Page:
Hasegawa 1/32 Ki-61-I Hei Hien (Tony) Special Edition

Kit #8078                                            MSRP $65.95, $56.37 at Areo-Pacific
Images and text Copyright © 2007 by Matt Swan

Developmental Background
        Dr. Richard Vogt is a name familiar to fans of German aircraft, especially those eccentric Blohm and Voss designs but it is also a name that is connected to this fast and powerful Japanese fighter. Prior to the Second World War Dr. Vogt worked as the head designer for the Kawasaki Aircraft Engineering Company and only returned to Germany to work for B&V; in 1933. During this period Japanese aircraft design focused on nimble, maneuverable aircraft but Dr. Vogt’s belief in the merit of inline liquid cooled engines as a source of power and speed continued to influence Kawasaki designers for years after he left. In 1940 a Kawasaki engineering team visited Daimler-Benz in Stuttgart and obtained plans for the DB-601A engine being developed for use in the Me-109 which were then built under license for use in a new interceptor being development by Kawasaki.
        The Imperial Japanese Army was beginning to feel that a single minded devotion to agility and light weight in a fighter might be mistaken and were beginning to look for a more powerful and heavier armored fighter which Kawasaki was selected to create and this became the Ki-61. The initial interceptor program intended to use the Japanese version of the DB-601A engine ultimately failed but provided plenty of lessons learned that went into the Ki-61 general fighter program. In the spring of 1943 the Ki-61 code named Tony by the Allies had entered service in New Guinea. It was not a completely trouble free introduction as the new water cooled engine had a tendency to overheat in tropical conditions and even though the aircraft’s armament was heavy compared to previous fighter designs it still was not sufficient to bring down the heavily armed Allied bombers.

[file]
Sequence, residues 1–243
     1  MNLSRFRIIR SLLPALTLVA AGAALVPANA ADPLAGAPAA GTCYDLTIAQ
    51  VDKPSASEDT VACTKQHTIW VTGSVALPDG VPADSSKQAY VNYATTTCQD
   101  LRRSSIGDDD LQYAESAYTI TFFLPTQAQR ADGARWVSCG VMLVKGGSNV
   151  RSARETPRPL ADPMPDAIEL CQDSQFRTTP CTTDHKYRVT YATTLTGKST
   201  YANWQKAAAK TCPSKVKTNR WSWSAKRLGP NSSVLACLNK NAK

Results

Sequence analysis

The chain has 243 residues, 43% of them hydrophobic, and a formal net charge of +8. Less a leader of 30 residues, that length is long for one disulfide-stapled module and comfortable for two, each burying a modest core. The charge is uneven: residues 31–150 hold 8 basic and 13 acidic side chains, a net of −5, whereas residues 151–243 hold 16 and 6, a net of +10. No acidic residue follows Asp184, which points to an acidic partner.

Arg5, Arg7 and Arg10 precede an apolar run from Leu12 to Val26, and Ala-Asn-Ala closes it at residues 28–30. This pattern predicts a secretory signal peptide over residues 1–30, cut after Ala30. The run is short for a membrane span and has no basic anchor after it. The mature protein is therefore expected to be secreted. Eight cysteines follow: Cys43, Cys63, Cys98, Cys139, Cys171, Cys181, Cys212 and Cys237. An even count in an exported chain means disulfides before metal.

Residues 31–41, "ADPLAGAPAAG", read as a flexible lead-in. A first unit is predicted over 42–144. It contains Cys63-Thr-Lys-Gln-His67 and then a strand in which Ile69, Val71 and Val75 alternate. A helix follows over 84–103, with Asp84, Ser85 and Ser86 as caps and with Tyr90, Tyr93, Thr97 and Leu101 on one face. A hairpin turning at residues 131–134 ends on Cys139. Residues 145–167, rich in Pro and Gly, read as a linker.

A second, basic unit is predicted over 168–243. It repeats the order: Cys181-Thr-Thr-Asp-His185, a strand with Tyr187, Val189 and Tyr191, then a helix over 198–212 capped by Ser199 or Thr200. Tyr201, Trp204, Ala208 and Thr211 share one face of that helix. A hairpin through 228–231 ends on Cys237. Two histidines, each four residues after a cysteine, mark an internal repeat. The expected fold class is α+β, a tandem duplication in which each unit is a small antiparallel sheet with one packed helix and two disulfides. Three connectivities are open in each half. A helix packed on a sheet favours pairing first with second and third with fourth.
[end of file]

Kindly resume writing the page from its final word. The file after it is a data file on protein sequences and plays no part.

An improved version of the Ki-61 went into production in January of 1944 featuring two 20mm cannons in the nose and 12.7mm guns in the wings. A few bomber interceptors were also built featuring 30mm cannons in the wings and 12.7mm guns in the fuselage. Later models deleted the retractable tail wheel in favor of a fixed tail gear and increased the length of the fuselage slightly and included wing hard points to handle 500 pound bombs or drop tanks. By time production ceased at the end of the war over 2600 examples of the Ki-61 had been manufactured of all variants.

The Kit